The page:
I just don’t have sex anymore; that makes it easier.


[The reason some HIV/AIDS patients are still alive, is:] number one, we no longer have the [defeatist] belief system going. A lot of us were rebels. I wasn’t the only one teaching about nutrition. There were lots of us out there doing it, all over the country, and saying, “You do not have to be a victim to this. You get a choice about what percentage you’re in. Maybe 20 percent are dying within a certain amount of time—or 80 percent are dying—but that means 20 percent are surviving. What are you going to do to see if you can be in that 20 percent?” That’s what we were doing, all of us. All separately, but we would meet, accidentally. We’d start meeting at different nutritional seminar things, trade shows, and stuff. We’d talk about what we were doing. It wasn’t a formal. It was just informal. We were the gay ones who were at these nutritional things.


When I got [to Spokane], the second night I was here, I met the man who ended up being my partner, who had HIV; that developed into [AIDS] shortly after we got married. I got involved right away with AIDS activism here. I was a member of the Inland Northwest AIDS Coalition; I was on the board of that. Most of what we did there was have a monthly potluck and some meetings. So, I was involved [with HIV/AIDS activism] right away [in Spokane], because of my partner.

[In caring for my partner] I was helped a lot by Spokane AIDS Network. It would send people to help me out, because it was 24/7 [care] for him, for quite a while. He almost died three times while we were together. When he was finally getting better, he found somebody else and he moved to Seattle. At the same time, I came down with cirrhosis. It was about a year and a half before I got my transplant. I have a lovely zipper [i.e., a scar]. I say “zipper” because they used staples. [I] was actually going to put a little zipper pull. Have one either pierced or tattooed. [Laughs.] I thought the piercing would be really funny, but they didn’t like that idea at the University of Washington transplant center. They said, “We don’t want you getting any piercings. You are not allowed to get infections.” [Laughs.]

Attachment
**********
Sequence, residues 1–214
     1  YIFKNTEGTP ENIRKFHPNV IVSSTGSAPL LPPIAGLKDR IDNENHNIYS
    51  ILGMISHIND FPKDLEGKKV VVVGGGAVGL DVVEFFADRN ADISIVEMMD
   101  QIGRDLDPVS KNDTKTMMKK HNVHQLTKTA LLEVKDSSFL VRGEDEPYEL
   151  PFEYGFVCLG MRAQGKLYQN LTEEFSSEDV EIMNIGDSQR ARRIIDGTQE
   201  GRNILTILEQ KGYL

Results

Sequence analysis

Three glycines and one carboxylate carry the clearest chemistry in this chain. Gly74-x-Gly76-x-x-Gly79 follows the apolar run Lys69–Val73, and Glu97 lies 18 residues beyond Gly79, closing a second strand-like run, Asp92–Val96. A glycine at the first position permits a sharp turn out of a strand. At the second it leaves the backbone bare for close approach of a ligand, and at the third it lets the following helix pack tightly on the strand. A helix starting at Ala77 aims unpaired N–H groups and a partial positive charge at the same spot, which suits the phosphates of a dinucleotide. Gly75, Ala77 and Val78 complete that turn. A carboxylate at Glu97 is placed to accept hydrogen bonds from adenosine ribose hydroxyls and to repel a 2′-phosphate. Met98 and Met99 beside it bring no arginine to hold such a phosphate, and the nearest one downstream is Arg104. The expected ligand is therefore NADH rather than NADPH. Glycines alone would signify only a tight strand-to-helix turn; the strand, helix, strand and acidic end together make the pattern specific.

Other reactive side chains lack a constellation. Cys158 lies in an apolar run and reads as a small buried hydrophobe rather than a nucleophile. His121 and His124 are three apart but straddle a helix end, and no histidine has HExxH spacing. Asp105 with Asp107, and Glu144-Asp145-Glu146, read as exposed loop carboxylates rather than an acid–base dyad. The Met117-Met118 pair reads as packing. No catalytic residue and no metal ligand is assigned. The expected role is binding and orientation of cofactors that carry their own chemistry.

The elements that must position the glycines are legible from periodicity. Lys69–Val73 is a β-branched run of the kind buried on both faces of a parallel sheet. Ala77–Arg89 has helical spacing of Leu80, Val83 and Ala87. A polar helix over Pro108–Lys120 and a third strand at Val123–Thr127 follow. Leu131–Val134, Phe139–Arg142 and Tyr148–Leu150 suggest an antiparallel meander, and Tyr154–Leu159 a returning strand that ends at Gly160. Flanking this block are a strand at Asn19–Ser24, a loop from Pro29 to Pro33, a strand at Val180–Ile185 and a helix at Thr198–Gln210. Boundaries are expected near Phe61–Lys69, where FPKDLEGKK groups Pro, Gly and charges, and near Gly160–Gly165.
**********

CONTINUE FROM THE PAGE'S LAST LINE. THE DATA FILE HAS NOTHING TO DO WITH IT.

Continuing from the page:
During the summer we created the “Away in the Woods Retreat” for many years. I was a facilitator for six or so of those. I think they had them for about 10 or 11 years. It was a spiritual retreat, but we also had Dr. [Dan] Coulston, and Dr. [Jeff] Collins and a couple of [other medical] doctors. Dr. Corell, the doctor I was working for, [was also there]. We’d go up and do a lecture, and give the latest information on science and nutrition in the immune system—that sort of thing.

That first year that I went, I went as an assistant to Dr. Corell, because I was working with nutrition in his office. [I] tried to help people find all the alternatives, because you can’t just get well doing one thing. You can’t stay healthy doing just one thing. [I] met a lot of the people that I know in the community there—a lot of long-term survivors. The ones I know that are long-term survivors, they did a lot of alternative things. I don’t think I’ve known anybody [who survived] that hasn’t done some alternative stuff.


Source: Interview with Maureen Nickerson, 8 August 2007; audio held in the Museum of Arts and Culture; transcribed and edited by Laura S. Hodgman.